Maybe Metro needed trimming for excess hubris (review ads gushing praise), because here came James Agee and critic elites who pooped The Human Comedy for every valid reason, but their notices read like sour milk (“Most of my friends detest it,” said bubble-resident JA). Agee could love-hate a movie to insensibility, ours, that is, for following him. I still enjoy Agee, his a prose to aspire to, but he can sure knock foundation from under a favorite. Just remind yourself that he was seeing all this stuff new and not yet absorbed into sacred canons. Agee admits to fright of tearjerkers, aware that the rest of us are “too eager to be seduced.” That there are “unforgivable lapses of taste and judgment” is a given ---possibly even remotest hicks sensed that. Agee said the only sound performance came from Jack Jenkins, the five-year-old who plays Ulysses Macauley. Agee adored movies, but was always frustrated that they couldn’t be his idea of better. He was sorry to see “unfortunate young man” Mickey Rooney cast in the leading role, but took all actors to task for representing a tradition that was “worse than dead.” So how could studios be expected to fix a problem vast as that? “Why did they bother to make the film at all,” he asks. “Why, for that matter, do they bother to make any?” You could ask why pic personnel would even bother coming to work if they followed Agee. Cash register attendants fortunately did, as note crowds to the Astor; word was they lined up even in driving snow. We have it easier (but less vivid) what with The Human Comedy on TCM in HD, and there is a DVD from Warner Archive.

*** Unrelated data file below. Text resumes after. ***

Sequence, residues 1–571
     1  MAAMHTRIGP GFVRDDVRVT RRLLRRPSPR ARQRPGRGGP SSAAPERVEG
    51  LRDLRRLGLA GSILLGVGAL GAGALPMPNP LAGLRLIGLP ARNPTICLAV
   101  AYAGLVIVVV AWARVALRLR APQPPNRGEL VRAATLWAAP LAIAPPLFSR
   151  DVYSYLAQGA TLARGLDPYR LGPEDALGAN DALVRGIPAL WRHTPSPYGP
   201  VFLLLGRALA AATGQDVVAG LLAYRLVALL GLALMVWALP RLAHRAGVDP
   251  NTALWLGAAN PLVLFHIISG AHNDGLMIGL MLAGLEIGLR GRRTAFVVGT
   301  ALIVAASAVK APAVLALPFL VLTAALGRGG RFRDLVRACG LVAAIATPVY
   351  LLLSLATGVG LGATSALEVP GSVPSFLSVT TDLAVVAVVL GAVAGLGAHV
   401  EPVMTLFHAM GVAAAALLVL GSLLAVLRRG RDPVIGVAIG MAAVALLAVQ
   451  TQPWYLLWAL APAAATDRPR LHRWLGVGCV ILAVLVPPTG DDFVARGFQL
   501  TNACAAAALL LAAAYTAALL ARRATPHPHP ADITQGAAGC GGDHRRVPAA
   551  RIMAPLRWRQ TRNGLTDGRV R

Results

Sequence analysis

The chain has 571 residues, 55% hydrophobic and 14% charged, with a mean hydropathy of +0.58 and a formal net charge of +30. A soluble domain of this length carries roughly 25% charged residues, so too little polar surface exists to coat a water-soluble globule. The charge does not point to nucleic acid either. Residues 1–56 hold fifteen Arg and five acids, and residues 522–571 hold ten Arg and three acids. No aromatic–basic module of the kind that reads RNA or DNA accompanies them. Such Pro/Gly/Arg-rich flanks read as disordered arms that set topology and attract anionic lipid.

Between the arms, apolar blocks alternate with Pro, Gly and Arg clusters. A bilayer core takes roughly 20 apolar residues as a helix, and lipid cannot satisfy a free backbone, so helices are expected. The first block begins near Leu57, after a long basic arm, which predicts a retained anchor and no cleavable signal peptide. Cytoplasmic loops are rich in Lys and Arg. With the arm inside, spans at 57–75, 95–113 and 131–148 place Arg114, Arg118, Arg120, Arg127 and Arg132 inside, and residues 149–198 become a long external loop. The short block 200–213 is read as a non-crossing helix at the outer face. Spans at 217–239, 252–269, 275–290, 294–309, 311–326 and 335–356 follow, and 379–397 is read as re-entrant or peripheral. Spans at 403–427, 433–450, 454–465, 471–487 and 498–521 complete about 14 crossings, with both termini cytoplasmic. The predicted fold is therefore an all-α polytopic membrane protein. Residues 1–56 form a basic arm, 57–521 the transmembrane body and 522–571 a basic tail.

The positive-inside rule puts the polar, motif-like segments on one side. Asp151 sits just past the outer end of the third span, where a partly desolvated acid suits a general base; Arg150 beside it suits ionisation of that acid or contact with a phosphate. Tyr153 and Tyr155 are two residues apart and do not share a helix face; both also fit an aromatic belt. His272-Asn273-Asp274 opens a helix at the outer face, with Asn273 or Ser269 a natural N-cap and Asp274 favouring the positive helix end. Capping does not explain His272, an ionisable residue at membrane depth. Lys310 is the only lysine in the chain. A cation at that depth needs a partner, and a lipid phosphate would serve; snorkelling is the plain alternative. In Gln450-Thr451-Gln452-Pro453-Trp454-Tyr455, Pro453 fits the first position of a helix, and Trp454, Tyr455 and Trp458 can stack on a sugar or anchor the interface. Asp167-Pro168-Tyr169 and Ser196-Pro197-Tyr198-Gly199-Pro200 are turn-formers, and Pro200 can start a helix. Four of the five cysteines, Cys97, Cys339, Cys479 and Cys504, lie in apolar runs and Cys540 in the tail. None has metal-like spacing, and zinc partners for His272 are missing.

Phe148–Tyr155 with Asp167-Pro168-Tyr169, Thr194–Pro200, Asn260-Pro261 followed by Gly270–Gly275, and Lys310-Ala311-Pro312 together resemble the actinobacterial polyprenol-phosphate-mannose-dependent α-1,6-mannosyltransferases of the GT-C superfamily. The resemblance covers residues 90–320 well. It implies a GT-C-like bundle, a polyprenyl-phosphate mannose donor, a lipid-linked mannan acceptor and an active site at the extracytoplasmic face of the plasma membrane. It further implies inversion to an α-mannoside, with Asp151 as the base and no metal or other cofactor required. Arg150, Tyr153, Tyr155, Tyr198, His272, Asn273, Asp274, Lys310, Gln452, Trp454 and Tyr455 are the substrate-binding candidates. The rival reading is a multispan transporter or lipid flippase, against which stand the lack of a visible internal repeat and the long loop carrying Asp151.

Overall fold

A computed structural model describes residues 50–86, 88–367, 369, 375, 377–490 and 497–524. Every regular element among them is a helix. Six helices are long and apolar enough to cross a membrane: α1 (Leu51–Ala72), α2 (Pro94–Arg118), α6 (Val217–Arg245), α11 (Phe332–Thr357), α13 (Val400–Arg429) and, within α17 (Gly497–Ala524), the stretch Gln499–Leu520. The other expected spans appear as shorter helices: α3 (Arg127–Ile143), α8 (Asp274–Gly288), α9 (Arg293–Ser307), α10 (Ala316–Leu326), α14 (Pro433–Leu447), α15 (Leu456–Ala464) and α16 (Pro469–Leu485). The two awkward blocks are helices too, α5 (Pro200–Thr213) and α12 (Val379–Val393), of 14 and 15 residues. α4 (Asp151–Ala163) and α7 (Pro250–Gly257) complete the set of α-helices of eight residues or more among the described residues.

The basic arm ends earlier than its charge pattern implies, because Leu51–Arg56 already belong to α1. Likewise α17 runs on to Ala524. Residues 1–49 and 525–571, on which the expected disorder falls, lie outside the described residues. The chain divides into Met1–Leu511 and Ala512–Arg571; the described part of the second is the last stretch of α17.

Blogger stinky fitzwizzle said...

Need to see this one again, although it's not exactly up Stinky's alley. Remember one devastating scene with Mickey and Frank Morgan.

Of course the pinochle of Saroyan's career was when he later co-wrote Come On-a My House with cousin Ross Bagdasarian.

9:57 AM  
Blogger Dave K said...

John, have you done a piece on the whole MR. JORDAN MEETS A GUY NAMED JOE sub-genre of recently-departed-checking-in-with-the-living wartime flicks? Great topic!

12:48 PM  
Blogger mndean said...

Stinky, I love the malaprop you left. Pinochle for pinnacle is inspired!

1:05 PM  
Blogger DBenson said...

I recall seeing this in the 80s at a revival house -- the Vitaphone in Saratoga, whose old owner was proudly more about nostalgia than Cinema.

Looking back, my main impression was that it was more deliberately stylized than "realistic" Andy Hardy type films. The audience then knew full well they were looking at a heightened, dreamlike version of America's self-image. Much like "Our Town", but more reassuring and comforting. The slightly portentous title and the presence of a Great Writer announced that this was not a family photo but Art. Accessible and attractive, but more elevated than the usual sentimental movie.

It's not quite Norman Rockwell, whose vision of America was affectionate but still rooted in real life and far more wry. Definitely not as syrupy and cynical as Thomas Kinkaide.

3:53 PM  
Blogger stinky fitzwizzle said...

mndean, Stinky freely admits he borrowed it from Norm Crosby! Steal from the best, as Howard Hawks advised.

11:16 AM